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Santa Ana bank targets locals

The Santa Ana Business Bank is largely Latino-owned and will serve the Latino community.

December 03, 2007|Jennifer Delson | Times Staff Writer

A group of Santa Ana leaders, including a City Council member, a planning commissioner and a community college trustee, have opened the city's first locally owned bank in 40 years, with the hope of finding customers in the area's huge Latino business community.

The Santa Ana Business Bank, which opened in October, hopes to provide loans to small businesses that often are turned down by larger banks. "There are more Latino entrepreneurs and many, many banks do not understand what these businesses face culturally or financially," said Alfredo Amezcua, the bank's chairman.

The bank is one of the few Latino-owned banks in the country, and it's an industry in which Latino executives are rare. Santa Ana Business Bank, with 400 investors whose outlay totals $12.3 million, is 80% Latino owned.

The Santa Ana bank is the third aimed at the Latino community to open in Southern California in the last year. It opened downtown at Main and 16th streets in a city where 75% of the population is of Latino descent, 53% is foreign-born, and city leaders struggle to overcome negative stereotypes of the city to attract investment.

Large banks, such as Wells Fargo and Bank of America, have taken steps to attract Latinos, including offering Spanish-language services and accounts to holders of Mexican identification cards, the matricula consular, which the Santa Ana Business Bank will do as well.

Dan Hudson of Nubank, a company that helps banks open, said big banks often don't cater to small businesses or try to overcome the distrust Latino immigrants may have toward them.

"With the size of the Latino population, it is strange not to have more Latino community banks," said David Haithcock, executive director of the California Independent Bankers, a community bank trade association.

The bank's board of directors is led by Amezcua, an attorney and a Rancho Santiago Community College District trustee with close ties to City Hall. The others include Councilman Carlos Bustamante and his twin, Alfonso, a psychologist; Michael Metzler, chief executive of the Santa Ana Chamber of Commerce; Planning Commissioner Victoria Betancourt; and Manuel Ramirez, founder of the Hispanic 100, a prominent Orange County political organization. Three board members have banking experience: chief executive Larry Frampton, who was chairman and chief executive of First American Bank in Rosemead; George Pla a former director of the same bank; and David Scarborough, who was on the board of Pan American Bank in Los Angeles.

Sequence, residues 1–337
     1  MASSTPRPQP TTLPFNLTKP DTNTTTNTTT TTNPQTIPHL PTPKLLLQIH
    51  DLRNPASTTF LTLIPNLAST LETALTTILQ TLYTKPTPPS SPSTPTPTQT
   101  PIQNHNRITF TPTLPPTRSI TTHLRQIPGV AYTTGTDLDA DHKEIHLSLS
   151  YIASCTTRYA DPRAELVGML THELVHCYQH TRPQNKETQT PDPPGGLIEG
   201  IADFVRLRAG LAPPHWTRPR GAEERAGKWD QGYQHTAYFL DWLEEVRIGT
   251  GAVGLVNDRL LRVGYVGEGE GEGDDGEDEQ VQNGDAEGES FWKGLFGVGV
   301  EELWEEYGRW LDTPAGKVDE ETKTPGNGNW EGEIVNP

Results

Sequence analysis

Board members recounted the times they unsuccessfully sought business loans from large banks and were forced to turn to friends for the funds.

"The fact that the loan committee and the entire board has a local basis . . . hopefully that will give them a distinct advantage," said Santa Ana Mayor Miguel Pulido, himself on the board of Fullerton Community Bank.

"Maybe they can respond better when they know an owner and the background. Will it rival Bank of America in five years? No, but all banks start small. Do I think they have a market here? Yes."

Many observers discounted the possibility that the bank board's political connections could lead to conflicts of interest when a customer needed help from the city, such as a zoning change.

"Small business is the backbone of our city," said Councilwoman Michele Martinez. "Sometimes business and politics don't mix, but it also can create a dynamic that is best for the community,"

Carlos Bustamante said the board's knowledge of the community, particularly of Latino businesspeople, would help the bank provide personalized service and solid loans.

He expects that many customers will be people he knew before he became a council member.

The bank will not offer mortgages.

Pla said the bank was "not a social experiment. It is about economic development in this community. We are here to make good loans and get good customers in."

Yet the project "presents a challenge, no doubt," Haithcock said, because of the large population in Santa Ana that has little experience with banks.

And then there is the state of the economy, when people are worried about an economic slowdown at least.

Frampton said the timing was perfect. "Warren Buffett says, 'Buy when no one wants it and sell when everyone does.' "

jennifer.delson@latimes.com

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